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Olive Oil

Olive oil has been soothing the skin of the rich, famous (and not-so-of-either) since ancient times–when being a virgin still meant something. It’s been cultivated for 5,000 years, give or take a few centuries. In fact, some say that the olive may be the oldest tree on Earth–which, if true, means that Eve must have given Adam a not-quite-ripe green olive instead of an apple. This might explain why, when things aren’t going well, we say, "Life is the pits" as opposed to "Life is the pips." Then again, it might not.

Around about 3,000 B.C., the olive tree began to propagate itself west from its native Asia–first to the Middle East, and then, via those intrepid Phoenician seafarers to southern Europe. Speaking of Phoenicians, it’s a known fact that they were descendants of Atlanteans, as was Mr. Noah of biblical flood fame. What did said Mr. Noah do when he wanted to find out if the crisis had passed? He sent out a dove! And what did said Mr. Dove do? He brought back an olive branch as a symbol of peace and hope, two human attributes of which we are big fans; although not the particular favorites of our bipolar poet name Charles Baudelaire (nor, it seems, of most folks who were begat by Noah and his namesakes for generations thereafter in the Middle East). Are you catching our drift here? Good. Can you give us a clue where it’s leading? That would be a big help. Thanks.

Over the years, the mystique of olive oil grew by leaps and bounds. Moses excused men from the military if they’d agree to cultivate it. The oil lit the lamps of sacred temples– including those inhabited by revolutionary Maccabees who proved that a little can go a real long way.

Meanwhile, over on the the northern side of the Mediterranean, Athens was being named for the goddess Athena, who changed civilization by showing the locals the benefits of using oil that wasn’t greasy (sic). She planted one of the trees on the rocky promontory where the Acropolis later rose.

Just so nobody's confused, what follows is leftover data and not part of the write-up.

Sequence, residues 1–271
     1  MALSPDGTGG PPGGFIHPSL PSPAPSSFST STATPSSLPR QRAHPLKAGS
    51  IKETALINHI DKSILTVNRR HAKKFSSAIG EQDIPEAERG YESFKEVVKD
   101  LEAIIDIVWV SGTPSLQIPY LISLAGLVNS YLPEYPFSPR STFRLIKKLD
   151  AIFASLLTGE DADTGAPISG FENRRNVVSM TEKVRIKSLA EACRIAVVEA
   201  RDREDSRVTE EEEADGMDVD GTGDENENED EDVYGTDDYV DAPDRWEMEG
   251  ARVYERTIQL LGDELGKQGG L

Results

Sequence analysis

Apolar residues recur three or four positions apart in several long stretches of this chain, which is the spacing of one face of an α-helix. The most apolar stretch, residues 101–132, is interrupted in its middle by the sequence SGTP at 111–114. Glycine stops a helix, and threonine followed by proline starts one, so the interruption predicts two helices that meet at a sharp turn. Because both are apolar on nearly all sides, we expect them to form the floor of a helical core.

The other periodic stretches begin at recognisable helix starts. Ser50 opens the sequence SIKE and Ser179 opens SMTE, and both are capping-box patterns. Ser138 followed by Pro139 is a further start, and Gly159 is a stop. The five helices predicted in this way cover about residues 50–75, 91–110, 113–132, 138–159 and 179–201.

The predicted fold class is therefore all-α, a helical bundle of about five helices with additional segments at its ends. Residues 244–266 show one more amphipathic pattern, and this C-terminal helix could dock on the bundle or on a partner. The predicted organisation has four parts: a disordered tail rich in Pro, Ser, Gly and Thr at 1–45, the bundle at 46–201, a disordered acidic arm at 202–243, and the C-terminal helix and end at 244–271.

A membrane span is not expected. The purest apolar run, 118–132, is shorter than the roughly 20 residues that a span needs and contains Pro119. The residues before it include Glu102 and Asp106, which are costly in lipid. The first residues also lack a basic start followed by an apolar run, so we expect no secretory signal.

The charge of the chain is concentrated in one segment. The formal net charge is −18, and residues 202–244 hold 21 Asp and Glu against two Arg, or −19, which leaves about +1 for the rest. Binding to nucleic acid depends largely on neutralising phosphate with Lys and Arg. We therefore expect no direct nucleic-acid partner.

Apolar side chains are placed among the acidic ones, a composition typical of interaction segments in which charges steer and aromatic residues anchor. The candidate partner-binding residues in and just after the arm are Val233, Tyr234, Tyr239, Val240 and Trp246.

Olive oil was first used for light, heat, food, and medicine. But, before long, folks started slathering it over their skin and shampooing it into their hair with reckless abandon. After bathing in olive oil, our classical ancestors would remove the excess with a special scraper. After that, all bets were off.

The Greek father of medicine, Hippocrates, even called olive oil "the great therapeutic." His most famous quotation should read. "First do no harm. Then do olive oil."

As the years wandered aimlessly along, early cosmetologist recognized that the abundance of glycerides and fatty acids in olive oil make it gentle enough for use on even sensitive skin, and its anti-oxidant properties take your breath away when it comes to making skin look more glowing and youthful.

In more modern times, of course, Popeye’s girlfriend was named after it (even though she spelled it wrong), Oprah undoubtedly promoted a cookbook that used it, Martha Stewart suggested people do things with it that we’d prefer not to discuss, and now it is the preferred ingredient in all manner of body care products … shampoos, lotions, soaps, fettucini d’olio… you name it! Which reminds us of those pesky virgins again. To tell the truth (as we like to do from time to time) extra-virgin olive oil is more commonly a food product because taste is the primary criteria. The olive oil used for cosmetics is chosen for fragrance, consistency, and density.

The Provencal provenance of olive oil skin-care products dates to the Middle Ages. In the brief periods when folks weren’t raping, pillaging, and burning each other’s villages (in the name of various dukes and deities) intrepid orchardists had the unmitigated gaul to cultivate massive plantations along the Mediterranean. Today, olive oil is so important in southern France that it is treated like the very best wines. Aficionados pride themselves on the great varieties of subtle flavors and consistencies that can be coaxed from the fruit during processing.

Baudelaire’s new collection of olive-oil-based skin care products has been developed, formulated and blended by our friends at Provence Santé under the name Jardin de l’Olivier. It includes luxurious and natural bath, body, and skin care products all incorporating high quality olive oil and a light, distinctive fragrance that evokes some of our favorite flora of Provence… lavender, artemisia and lemon, punctuated with tarragon and oak moss accents. Slather on! (And go in peace....)